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I mentioned in another thread that I'm going to be building (read: paying someone) a new shop on our property in which I will store my bikes and other things, so I'm looking for some suggestions.

Firstly, I'm going to look for an electric gate and garage door and I would love to have one key fob that does both the gate and the door, probably something with 2 buttons. Has anyone seen/heard or have one of these?

More importantly though, I'm thinking of putting a turntable/carousel in the shop area so when I ride my bike in I can simply turn it around for easy departure the next day.

Now I've seen all sorts of options, from built right into the floor, to various above the floor homemade ones, to manufactured ones. Built right into the floor options are cool but going to be more expensive, but does anyone have one and if so what did it cost?

If you use a manufactured above the floor device what one do you have and how do you like it? Thanks in advance!
 

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It would be a heck of a lot cheaper to buy one of those motorcycle dollies from Harbor Freight to use to spin your bike around. They're about 90 bucks as opposed to whatever it costs to make a custom ride-on turntable in the floor. Plus, the dolly makes it really easy to move bikes around in a limited space, especially if you have more than one bike. I've been using one for years, and it works great.
 

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It would be a heck of a lot cheaper to buy one of those motorcycle dollies from Harbor Freight to use to spin your bike around. They're about 90 bucks as opposed to whatever it costs to make a custom ride-on turntable in the floor. Plus, the dolly makes it really easy to move bikes around in a limited space, especially if you have more than one bike. I've been using one for years, and it works great.
Totally agree ! MC Dolly
 
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That's the one I use, NV. Takes little effort to roll the bike onto it, and you can spin the bike around like a top.
 

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As much as I like shop gadgets I'll just continue to push mine backwards like I've always done. Those Dollys would be nice if you have multiple motorcycles to get them nestled together to free up some floor space.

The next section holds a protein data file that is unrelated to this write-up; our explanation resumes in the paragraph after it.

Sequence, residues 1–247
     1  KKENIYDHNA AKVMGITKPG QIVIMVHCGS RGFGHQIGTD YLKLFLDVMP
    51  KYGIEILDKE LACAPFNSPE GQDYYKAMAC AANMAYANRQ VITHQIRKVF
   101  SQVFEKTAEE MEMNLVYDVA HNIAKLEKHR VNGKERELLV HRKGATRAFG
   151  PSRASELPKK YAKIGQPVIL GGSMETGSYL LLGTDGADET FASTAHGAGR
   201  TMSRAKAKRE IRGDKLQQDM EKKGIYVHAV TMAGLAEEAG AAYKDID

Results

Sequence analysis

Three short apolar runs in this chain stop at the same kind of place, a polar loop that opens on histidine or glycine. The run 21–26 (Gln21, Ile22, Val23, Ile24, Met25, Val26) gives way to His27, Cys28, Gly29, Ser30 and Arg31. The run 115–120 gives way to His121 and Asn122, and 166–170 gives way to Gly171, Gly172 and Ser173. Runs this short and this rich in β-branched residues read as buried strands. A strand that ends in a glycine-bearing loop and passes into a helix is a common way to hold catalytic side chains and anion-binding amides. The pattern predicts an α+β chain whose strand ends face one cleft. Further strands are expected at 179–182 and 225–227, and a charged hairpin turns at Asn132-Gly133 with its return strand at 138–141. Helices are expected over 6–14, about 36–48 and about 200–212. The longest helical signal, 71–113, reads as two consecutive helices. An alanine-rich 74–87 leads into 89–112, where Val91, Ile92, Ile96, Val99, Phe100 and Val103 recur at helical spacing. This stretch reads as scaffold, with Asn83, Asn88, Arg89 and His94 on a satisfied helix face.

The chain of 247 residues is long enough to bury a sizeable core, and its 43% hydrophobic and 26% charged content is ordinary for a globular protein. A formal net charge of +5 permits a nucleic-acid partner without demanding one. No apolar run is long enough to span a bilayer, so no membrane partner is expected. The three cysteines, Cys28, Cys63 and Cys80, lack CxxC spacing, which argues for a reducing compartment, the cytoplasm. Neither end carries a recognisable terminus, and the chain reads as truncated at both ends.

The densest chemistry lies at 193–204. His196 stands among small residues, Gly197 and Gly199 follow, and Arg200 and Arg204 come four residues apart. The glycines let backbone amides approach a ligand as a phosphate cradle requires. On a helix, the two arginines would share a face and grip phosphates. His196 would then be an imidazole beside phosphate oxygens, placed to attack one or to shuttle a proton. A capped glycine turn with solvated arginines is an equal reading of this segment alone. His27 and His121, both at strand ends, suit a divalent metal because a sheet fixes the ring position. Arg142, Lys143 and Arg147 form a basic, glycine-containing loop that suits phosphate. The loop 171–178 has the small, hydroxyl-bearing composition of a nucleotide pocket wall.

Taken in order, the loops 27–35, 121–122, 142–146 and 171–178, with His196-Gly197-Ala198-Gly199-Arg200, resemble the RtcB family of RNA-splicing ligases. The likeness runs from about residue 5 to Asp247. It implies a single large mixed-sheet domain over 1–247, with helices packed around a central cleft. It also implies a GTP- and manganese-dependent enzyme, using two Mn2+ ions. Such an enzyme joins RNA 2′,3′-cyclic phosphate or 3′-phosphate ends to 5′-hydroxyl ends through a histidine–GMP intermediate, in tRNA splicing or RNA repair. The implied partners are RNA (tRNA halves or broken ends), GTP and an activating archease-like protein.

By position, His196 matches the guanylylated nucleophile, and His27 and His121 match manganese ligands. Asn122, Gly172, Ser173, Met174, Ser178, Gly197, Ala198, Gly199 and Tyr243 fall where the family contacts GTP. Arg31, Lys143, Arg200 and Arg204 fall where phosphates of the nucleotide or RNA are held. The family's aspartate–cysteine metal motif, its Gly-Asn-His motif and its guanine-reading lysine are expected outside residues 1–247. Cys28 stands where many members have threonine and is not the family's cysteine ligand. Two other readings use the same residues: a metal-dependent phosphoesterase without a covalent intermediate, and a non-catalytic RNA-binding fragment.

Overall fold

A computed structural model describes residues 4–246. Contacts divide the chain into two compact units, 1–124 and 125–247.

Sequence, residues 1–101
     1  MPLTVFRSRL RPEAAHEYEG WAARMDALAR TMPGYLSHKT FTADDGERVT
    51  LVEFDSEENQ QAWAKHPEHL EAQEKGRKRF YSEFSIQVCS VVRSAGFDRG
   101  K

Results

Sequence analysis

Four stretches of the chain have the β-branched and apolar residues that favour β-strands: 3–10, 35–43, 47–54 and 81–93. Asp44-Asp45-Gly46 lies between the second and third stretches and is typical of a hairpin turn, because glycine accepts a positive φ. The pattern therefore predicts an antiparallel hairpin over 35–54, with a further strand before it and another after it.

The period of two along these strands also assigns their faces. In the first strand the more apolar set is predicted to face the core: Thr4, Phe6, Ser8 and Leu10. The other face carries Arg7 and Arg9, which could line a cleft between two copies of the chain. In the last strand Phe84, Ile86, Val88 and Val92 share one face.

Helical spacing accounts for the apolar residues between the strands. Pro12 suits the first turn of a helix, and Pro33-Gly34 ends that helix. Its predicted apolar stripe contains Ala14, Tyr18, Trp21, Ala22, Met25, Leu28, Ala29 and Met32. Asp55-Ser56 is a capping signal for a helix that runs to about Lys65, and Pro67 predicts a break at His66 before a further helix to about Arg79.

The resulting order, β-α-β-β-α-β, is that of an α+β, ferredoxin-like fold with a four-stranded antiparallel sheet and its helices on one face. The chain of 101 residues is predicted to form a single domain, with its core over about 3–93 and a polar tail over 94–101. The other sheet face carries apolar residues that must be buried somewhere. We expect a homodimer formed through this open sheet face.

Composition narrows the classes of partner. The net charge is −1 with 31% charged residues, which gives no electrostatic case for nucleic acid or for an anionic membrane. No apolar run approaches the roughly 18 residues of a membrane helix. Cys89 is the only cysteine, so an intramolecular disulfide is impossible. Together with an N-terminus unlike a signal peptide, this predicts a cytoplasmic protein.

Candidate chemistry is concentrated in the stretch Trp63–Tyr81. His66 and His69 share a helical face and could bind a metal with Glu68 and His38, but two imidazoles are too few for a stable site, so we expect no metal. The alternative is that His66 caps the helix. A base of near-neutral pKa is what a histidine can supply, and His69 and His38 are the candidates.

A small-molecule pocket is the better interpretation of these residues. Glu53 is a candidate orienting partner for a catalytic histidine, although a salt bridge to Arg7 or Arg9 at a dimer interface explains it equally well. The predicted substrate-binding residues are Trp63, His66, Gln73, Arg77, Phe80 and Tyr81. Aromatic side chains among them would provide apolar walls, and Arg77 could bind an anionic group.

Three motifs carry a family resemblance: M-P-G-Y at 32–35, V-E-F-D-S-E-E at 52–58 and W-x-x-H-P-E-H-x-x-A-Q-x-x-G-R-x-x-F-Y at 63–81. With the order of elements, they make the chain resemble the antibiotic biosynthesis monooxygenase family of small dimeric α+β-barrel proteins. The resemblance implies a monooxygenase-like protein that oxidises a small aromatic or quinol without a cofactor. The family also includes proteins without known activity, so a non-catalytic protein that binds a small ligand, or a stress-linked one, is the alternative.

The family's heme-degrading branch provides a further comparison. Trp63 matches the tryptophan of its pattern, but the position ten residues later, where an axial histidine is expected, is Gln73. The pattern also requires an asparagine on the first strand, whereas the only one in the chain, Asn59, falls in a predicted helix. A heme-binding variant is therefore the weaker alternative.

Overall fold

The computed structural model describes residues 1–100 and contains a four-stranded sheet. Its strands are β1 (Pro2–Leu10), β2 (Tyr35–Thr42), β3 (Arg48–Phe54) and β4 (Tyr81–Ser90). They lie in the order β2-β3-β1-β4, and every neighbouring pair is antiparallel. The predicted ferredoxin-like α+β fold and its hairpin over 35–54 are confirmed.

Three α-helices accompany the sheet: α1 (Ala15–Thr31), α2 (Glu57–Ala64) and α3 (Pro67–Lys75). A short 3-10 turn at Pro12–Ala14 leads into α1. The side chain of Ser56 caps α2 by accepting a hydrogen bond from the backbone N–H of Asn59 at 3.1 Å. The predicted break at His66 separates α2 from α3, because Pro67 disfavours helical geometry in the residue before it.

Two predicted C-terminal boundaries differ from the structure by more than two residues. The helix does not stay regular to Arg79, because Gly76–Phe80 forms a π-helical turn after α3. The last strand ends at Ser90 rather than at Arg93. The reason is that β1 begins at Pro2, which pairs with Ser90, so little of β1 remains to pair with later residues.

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We got ours from discountramps.com. They run 15% off +free shipping several times each year. The last one I bought is Aluminum and feather weight.
 

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If you have a smooth concrete floor that is level, perhaps you could build a wooden circle with transfer bearings under neath. Put 4 pegs in the concrete that keep the circle from rolling away. I'd wager you could spin the bike around with one finger.
 

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I mentioned in another thread that I'm going to be building (read: paying someone) a new shop on our property in which I will store my bikes and other things, so I'm looking for some suggestions.
When I built my second shop: I included one fairly low cost and very helpful feature which didn't think of for my first.
In advance of pouring the cement floor I set a pair of parallel, 2 inch galvanized, square steel tubing pieces. They are 15 ft long and 8 ft apart. They are flush with the finished floor. We put a lot of care into making them as level and square as humanly possible. We used a laser.

This is because in my first shop, even though the floor looked flat and level, it was not. The result was that as I built a homemade sports car I could not work UP off the floor. I had to build a scaffold and work all my measurements DOWN from it. Huge pain. Tons of extra time and frustration. So while you may never build a car in yours, it is very helpful for building or repairing anything that needs to be square, parallel or flat. It also made it easier for the cement crew to get the floor right.

With an array of welder magnetic triangles and carpenter squares everything goes quicker and more accurately.
 

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I predict that at some point, if you build a ride-on platform, whatever mechanism you use to support the turntable will get some muck/dirt/gravel in it and you'll drop your bike. And a mechanism that requires you to strap/clamp down the bike would be time-intensive and awkward. Unless you have a very steep driveway leading up to the shop, easier/quicker/less space-intensive to just back it in.

Having said all that, might be interesting to see if you could build an air-cushion turntable. Get a high-pressure blower, leave a fairly precisely flat cavity in the floor with a hole in the center where air is introduced, build a reinforced platform with a circular base to fill the cavity. Hit the blower switch, turn the bike with one finger, shut off the blower. Presto.
 

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I think that the simplest solution is @NVDucati's in post #5: MC Dolly. Not too expensive, takes up only the footprint of the bike. and it can be moved freely, not just rotate as in a turntable.

Lift Master makes gate and door openers that can be activated with several types of remotes, app, visor clip or keychain, and can control up to three doors or gates.
 

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I have a ATV lift mainly because I like things to have more than one use.

If I was to be using it all the time to move a bike I would make a cradle that was a perfect match to the underside of the bike so there was zero chance the bike could move off the stand.


 
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